my child, like the fond arms of love.

The song of mine will touch your forehead
like a kiss of blessing.

When you are alone it will sit by your side and
whisper in your ear, when you are in the crowd
it will fence you about with aloofness.

My song will be like a pair of wings to your dreams,
it will transport your heart to the verge of the unknown.

It will be like the faithful star overhead
when dark night is over your road.

My song will sit in the pupils of your eyes,
and will carry your sight into the heart of things.

And when my voice is silenced in death,
my song will speak in your living heart.

25 June 2009


What a day!

As was true for a lot of people, one of my roommates had THE Farah Fawcett poster up on the wall. Of course I watched Charlie's Angels like everybody else, and had a favorite who was NOT Farah, but you couldn't get away from how wonderful and instantly iconic that poster was. Perhaps more impressive about Fawcett was how she made attempts to prove that she was more than just a pin-up, with The Burning Bed and Extremities, moves echoed by Charlize Theron and other actresses, who know in the mad jungle of Hollywood that they have to 'prove' that they have talent.

I also want to say that how wonderful it was that she and Ryan O'Neal were together in a 'non-traditional' relationship for many, many years, and only got married earlier this week.

And then, this evening, the loss of Michael Jackson.

I'm still processing this, but I do want to say that I believe that Michael's music will survive beyond the crazyness of his later years. Watching his videos now (MTV is showing his videos -- an amazing development in and of itself) I'm struck again by his talents as a dancer and showman, by how many references to classic entertainers of the past he incorporated in his work througout his career (Fred Astaire, Bob Fosse, Al Green, Sammy Davis Jr....), and how his work was the Ur-Text for music videos.
Many of us watched Michael grow up before our eyes, then grow strange. He lived so much of his life in the camera's eye: that fact alone had to have had a warping effect on him. I'm also one of those people who thinks that some of the 'blame' for his later apparent discomfort with his body and looks can be placed directly at the feet of his father, Joe.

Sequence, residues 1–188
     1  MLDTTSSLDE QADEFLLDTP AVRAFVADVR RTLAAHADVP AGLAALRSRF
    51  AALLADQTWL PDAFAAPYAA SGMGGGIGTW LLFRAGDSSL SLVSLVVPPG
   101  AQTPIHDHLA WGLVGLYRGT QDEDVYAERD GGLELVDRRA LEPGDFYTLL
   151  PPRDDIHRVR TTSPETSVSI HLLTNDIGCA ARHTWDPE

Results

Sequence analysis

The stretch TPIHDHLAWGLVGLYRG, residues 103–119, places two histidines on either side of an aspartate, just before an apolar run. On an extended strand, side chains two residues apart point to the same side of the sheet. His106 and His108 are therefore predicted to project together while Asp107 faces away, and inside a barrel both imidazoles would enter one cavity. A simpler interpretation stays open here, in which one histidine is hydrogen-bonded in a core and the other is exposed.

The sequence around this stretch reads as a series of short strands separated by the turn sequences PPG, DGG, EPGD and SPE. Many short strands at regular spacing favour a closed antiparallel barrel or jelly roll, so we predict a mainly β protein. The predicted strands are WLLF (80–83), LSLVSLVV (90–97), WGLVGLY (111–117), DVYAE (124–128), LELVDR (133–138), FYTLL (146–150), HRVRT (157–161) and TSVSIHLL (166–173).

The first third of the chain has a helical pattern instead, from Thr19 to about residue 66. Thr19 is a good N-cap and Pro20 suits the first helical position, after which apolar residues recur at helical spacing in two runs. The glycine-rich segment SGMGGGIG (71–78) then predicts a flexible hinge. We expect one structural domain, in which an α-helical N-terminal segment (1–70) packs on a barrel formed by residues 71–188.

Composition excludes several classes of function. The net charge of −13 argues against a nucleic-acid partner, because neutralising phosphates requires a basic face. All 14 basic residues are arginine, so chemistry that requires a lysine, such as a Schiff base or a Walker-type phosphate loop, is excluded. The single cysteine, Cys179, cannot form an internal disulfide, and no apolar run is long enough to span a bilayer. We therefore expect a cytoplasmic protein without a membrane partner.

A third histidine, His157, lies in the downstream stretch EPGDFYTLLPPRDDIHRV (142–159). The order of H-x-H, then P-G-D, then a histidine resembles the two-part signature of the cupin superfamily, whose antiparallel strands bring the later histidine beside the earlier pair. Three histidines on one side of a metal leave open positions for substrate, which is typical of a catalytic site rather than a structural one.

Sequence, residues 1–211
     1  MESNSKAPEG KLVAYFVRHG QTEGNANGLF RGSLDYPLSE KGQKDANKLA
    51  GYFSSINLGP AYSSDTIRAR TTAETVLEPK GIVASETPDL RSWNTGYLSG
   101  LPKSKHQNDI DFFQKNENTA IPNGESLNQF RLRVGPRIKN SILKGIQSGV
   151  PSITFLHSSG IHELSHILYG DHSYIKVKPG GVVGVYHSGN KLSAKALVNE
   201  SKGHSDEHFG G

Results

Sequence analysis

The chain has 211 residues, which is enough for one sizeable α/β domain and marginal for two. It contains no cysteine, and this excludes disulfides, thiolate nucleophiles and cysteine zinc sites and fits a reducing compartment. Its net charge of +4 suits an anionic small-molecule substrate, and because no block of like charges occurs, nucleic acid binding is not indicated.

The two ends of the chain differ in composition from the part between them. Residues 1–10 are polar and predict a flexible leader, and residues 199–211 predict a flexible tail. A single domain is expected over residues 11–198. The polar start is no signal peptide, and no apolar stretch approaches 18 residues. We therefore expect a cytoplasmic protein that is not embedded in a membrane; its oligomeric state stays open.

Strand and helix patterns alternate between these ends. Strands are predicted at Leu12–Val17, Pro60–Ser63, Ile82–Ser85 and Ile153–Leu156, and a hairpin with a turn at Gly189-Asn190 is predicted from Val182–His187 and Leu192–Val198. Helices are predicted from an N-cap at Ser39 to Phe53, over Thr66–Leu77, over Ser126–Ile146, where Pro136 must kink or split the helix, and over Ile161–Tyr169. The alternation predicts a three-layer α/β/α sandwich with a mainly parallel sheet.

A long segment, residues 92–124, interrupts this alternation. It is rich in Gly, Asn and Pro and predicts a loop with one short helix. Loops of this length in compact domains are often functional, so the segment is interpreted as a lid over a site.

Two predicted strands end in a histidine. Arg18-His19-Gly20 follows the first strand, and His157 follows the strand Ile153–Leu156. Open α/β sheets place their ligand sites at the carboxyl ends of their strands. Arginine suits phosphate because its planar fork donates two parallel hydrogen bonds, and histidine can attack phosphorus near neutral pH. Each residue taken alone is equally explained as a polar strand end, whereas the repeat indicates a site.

But more important than all that, we will always have his music, and the images of him performing on stage, perhaps the only place where he ever felt entirely comfortable.

Huffington Post Top Video choices

Roger Ebert on MJ, The Boy Who Never Grew Up

Time Magazine's (Sort of) Celebrating Michael's 50th Birthday by Josh Tyrangiel

Andrew Sullivan, who's penultimate line sums up what a lot of us feel: "I hope he has the peace now he never had in his life."

18 June 2009

What Talks & What Walks

Wednesday night, President Obama issued a memorandum extending some rights to Federal workers who are part of a same sex couple

The memorandum allows same-sex partners to be added to the long-term-care insurance program for federal employees. Employees also can use their sick leave to take care of their partners and non-biological, non-adopted children. Partners of Foreign Service employees will be permitted to use medical facilities at posts abroad, allowed medical evacuation from foreign locations, and counted when determining family size for housing allocations.

Like many, I wished the President had gone further, done more -- like adding health benefits -- but, its a start. And considering the pleased reaction of some federal workers to the memo, including the couple pictured above, Candy Holmes (left), a 33-year federal employee and her partner Rev. Darlene Garner, who am I to be a curmudgeon?